Visualize Git health checks in a pull request

Published on Wednesday, September 25, 2019

Every team of developers eventually creates a set of practices to follow regarding the repository maintenance. This includes the commit message rules, branch naming, merge strategies, etc. Some of those practices can be configured as IDE settings, for instance, automatic removal of the trailing spaces. Others, such as rebasing vs. merging, rely on the discipline and the culture in the team.

Perhaps, the example with merging strategies is not very accurate, since appropriate branching policies have arrived to Azure Devops.

However, whenever the human factor is involved, there's always a source of unintentional errors. It would be great to automate some of the most important checks and run them in scope of the pull request verification. It can be done with a simple PowerShell script, which is triggered by a normal build definition. However, as soon as the number of checks grows, it becomes more difficult to understand which of those are violated.

For one of our projects, we've come up with a small enhancement to visualize the checks and make it easier to fix violations. The idea is to send a pull request status per each check back to the parent pull request. In case of at least one failing check the entire build should fail. There's still an option to browse for the build log and dig the actual error out. Besides, there's a handy list of statuses, visualizing the situation and helping to narrow the problem down faster.

I'll describe the basic process points on a fixup! and squash! comments presence verification.

The Git fixup flow implies that you add fixup commits and eventually run interactive rebase with --autosquash flag. The latter action marks the relevant commits for fixup. If you forget to add the --autosquash switch, you might end up with the fixup! commits as is in the Git history.

Here is the PowerShell code to verify the presence of fixup! or squash! commits in the range of commits brought by the pull request:

$fixupStatus = "succeeded"
"fixup!", "squash!" | Foreach-Object {
    $fixups = git log $sourceCommit $targetCommit --grep="$_" --oneline
    if ($fixups.Count -ne 0) {
        Print-Error("'$_' commits detected!:`n    $([system.String]::Join(`"`n    `", $fixups))")
        $fixupStatus = "failed"
        $exitCode += 1
Post-PullRequestStatus -name "git-fixup-status" -description "Git Fixup Check" -state $fixupStatus

Let's step through the key points here:

  • The $sourceCommit and $targetCommit point to the HEAD of source branch and the HEAD of target branch, respectively. They are calculated based on the incoming information of the pull request - the source branch and the target branch - using the Git commands
  • The $fixupStatus is the actual state (succeeded or failed) of the pull request status to post back
  • The $exitCode is incremented to indicate the error in case of the check violation, but do not stop the script execution until all other checks are verified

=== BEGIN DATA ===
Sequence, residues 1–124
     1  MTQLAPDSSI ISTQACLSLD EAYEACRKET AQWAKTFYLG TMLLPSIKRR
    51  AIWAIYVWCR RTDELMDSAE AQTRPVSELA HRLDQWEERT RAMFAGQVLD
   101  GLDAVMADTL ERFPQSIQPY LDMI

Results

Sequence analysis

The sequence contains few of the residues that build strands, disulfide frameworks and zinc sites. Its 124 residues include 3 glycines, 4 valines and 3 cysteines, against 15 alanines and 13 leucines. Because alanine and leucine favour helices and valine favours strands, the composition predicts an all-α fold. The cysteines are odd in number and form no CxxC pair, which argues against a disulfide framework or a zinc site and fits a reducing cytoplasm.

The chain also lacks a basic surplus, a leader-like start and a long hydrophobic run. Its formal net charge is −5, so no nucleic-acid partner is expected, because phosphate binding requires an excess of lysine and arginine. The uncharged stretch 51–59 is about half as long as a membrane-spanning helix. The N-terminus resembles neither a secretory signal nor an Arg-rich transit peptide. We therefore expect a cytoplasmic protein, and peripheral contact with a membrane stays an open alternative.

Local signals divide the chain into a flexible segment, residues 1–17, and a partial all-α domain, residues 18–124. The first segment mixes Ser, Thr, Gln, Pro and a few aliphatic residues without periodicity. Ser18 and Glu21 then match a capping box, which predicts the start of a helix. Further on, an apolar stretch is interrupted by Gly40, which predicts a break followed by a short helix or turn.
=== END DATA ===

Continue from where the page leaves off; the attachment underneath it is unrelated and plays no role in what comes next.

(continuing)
• The Post-PullRequestStatus is a helper function to post the pull request status with the Azure DevOps REST API. It needs the name to uniquely identify the status, description for visualization and the actual state calculated earlier

This is how it's implemented:

function Post-PullRequestStatus {
    param (
        [string]$genre = "git-health-check"

    $body = @{
        state       = $state
        description = $description
        context     = @{
            name  = $name
            genre = $genre
    } | ConvertTo-Json

    Send-Request -method "POST" -Body $body | Out-Null

The $genre parameter is used to group the statuses of the similar nature. As long as our verifications are all about Git stuff, it defaults to git-health-check in the code above.

NOTE: The Send-Request is a helper function to wrap the details of the Azure DevOps REST API call. I won't go into the details since it's out of scope of this article.

Now, as soon as the pull request is created or updated, the build definition we called Git Health Check Status is triggered and, among other stuff, checks for the fixup and squash commits. In case the rule is violated, the failed status is sent back to the pull request and the entire build fails:

Pull Request Failed Status

The details can be found in the normal build log of the Git Health Check Status build:

Build Log Details

When the problem is fixed (that is, the branch is interactively rebased and autosquashed), the Health Check is green:

Pull Request Status Succeeded

The pull request status can be prettified even further if the targetUrl attribute of the body object is supplied (see the API specs for more details). For instance, the link could point to the docs explaining this particular check in detail: why keeping the fixup! commits out of the Git history, what Git commands one should run to resolve it, etc.

Now, with this setup in place, it is quite easy to add more checks. All you have to do is to add appropriate PowerShell snippet to perform the check and send the correct status back to the pull request.